Informed consent is a process where a physician advises a patient of the risks of surgery or certain other medical procedures and the patient has the opportunity to choose to proceed while aware of the risks. A physician engaged in the process of securing a patient’s informed consent discloses material risks, potential complications, and alternatives to the planned procedure.
A physician’s obligation to seek a patient’s informed consent is not broad, and a recent Pennsylvania case clarified the doctrine of informed consent and concluded that chiropractors have no obligation to seek their patients’ informed conSent.
In the case involving the chiropractor, a woman suffered a massive stroke following a series of cervical manipulations during chiropractic treatment. The stroke left her in a “locked in” state, where she was fully conscious and cognitively aware but unable to move any body part except her eyes. After 18 months, she died of a serious infection.
Her estate sued the treating chiropractors, claiming that the stroke had been caused by a vertebral artery dissection, and further claiming that the dissection had been caused by the cervical manipulation. One of the estate’s theories was that the woman was entitled to have been advised of the risks of the cervical manipulation prior to the procedure. In effect, the estate demanded that the woman have been given the opportunity of informed consent.
The Pennsylvania Superior Court disagreed, citing a long history of the clear limitations of the doctrine of informed consent. Historically, informed consent has been required only of physicians, and only as to surgical procedures. The development of the doctrine was limited to surgical procedures because it arose at a time when surgical procedures were very inherently risky and when moving a patient’s treatment to the level of surgical treatment was a significant decision. Before invading a patient’s body and rendering the patient unconscious, physicians not faced with a compelling emergency were legally required to secure the patient’s informed conSent.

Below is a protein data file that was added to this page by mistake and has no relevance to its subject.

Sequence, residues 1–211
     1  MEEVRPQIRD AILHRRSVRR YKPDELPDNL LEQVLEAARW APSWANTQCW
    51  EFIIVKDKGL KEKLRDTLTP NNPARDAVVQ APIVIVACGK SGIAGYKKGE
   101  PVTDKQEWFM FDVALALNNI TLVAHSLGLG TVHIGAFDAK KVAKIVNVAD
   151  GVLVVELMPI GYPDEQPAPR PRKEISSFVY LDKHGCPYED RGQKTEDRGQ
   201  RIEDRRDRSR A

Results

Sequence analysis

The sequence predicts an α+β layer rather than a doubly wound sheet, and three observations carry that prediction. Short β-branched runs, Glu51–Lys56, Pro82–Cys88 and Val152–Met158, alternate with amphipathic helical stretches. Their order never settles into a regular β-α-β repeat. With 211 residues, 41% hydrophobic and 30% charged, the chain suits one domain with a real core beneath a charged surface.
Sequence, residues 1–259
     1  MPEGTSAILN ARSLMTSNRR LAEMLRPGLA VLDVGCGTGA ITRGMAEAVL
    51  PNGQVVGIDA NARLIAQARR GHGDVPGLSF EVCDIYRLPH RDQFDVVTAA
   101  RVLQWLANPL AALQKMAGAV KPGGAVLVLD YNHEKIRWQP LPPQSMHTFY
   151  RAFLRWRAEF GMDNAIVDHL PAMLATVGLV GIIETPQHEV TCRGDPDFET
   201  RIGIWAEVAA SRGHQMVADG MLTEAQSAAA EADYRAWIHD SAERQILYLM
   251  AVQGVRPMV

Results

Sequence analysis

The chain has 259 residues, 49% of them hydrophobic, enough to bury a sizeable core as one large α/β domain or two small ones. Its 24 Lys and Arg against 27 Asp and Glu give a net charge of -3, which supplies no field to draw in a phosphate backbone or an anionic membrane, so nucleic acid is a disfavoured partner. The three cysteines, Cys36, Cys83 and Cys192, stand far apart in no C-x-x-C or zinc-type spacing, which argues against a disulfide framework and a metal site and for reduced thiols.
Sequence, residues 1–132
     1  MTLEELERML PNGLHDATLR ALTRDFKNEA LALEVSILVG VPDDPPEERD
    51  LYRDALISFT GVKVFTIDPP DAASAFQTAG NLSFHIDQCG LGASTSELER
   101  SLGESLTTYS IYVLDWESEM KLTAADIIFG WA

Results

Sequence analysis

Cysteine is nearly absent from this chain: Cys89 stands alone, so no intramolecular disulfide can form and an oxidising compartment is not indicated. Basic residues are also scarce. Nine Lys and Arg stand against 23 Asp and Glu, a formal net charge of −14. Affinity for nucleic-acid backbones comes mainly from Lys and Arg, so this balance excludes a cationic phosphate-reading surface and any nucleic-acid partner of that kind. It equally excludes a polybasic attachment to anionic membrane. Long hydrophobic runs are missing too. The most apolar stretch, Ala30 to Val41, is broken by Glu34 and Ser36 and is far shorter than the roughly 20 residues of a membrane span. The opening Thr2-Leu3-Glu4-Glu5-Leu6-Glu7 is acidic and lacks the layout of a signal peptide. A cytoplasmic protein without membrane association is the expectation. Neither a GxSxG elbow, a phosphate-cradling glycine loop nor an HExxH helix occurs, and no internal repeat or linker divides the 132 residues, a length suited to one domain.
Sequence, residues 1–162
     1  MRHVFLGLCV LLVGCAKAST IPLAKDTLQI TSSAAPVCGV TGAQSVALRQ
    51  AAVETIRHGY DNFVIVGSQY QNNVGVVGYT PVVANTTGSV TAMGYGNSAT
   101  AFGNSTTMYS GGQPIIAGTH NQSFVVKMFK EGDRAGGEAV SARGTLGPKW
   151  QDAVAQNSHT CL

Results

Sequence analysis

As surgery became more commonplace over the years, and as other medical decisions became more complex, appellate judges started to question the confinement of informed consent to Surgical procedures. The Pennsylvania legislature stepped in and extended the requirement of informed consent to some additional medical procedures performed by physicians, including blood transfusions, radiation, chemotherapy, the insertion of medical devices and appliances, and “experimental” medicine. Presently, informed consent remains associated with surgical procedures and with those additional procedures legislated by statute.
In the case involving the chiropractor, the Pennsylvania Superior Court denied the claims of the Woman’s estate on two theories. First, the court affirmed the longstanding judicial limitation of the doctrine of informed consent to matters involving Surgery. The court also noted that the judicial doctrine applies to physicians and not to chiropractors.
Next, the court reviewed the legislative extensions of the doctrine of informed consent to the short list of medical procedures performed by physicians and noted that the legislative extensions of informed consent also applies only to physicians. Reluctant to abruptly extend the judicial doctrine to chiropractors, and having no authority to extend the legislative provisions, the court held that the deceased Woman was not legally entitled to any advice about the risks of cervical manipulation prior to undergoing the procedure.
All patients and physicians can negotiate and define the terms of their relationship. Any patient can request information about his or her health care, and if not satisfied by the depth of the provider’s advice, the patient can decline treatment. The doctrine of informed consent formalizes that process when a surgical procedure or the additional procedures included by the legislature are involved. Typically, where informed consent is required, patients sign detailed documents acknowledging their understanding of the risks. Any patient undergoing chiropractic treatment, or any patients receiving general medical treatment, should assume that the treating provider has no legal obligation to initiate discussions of the risks of the procedures. And in the absence of a written informed consent agreement, a patient should presume that the health-care provider is not legally obliged to engage in a disclosure of informed consent. Patients who desire information on risks and options should initiate the discussion.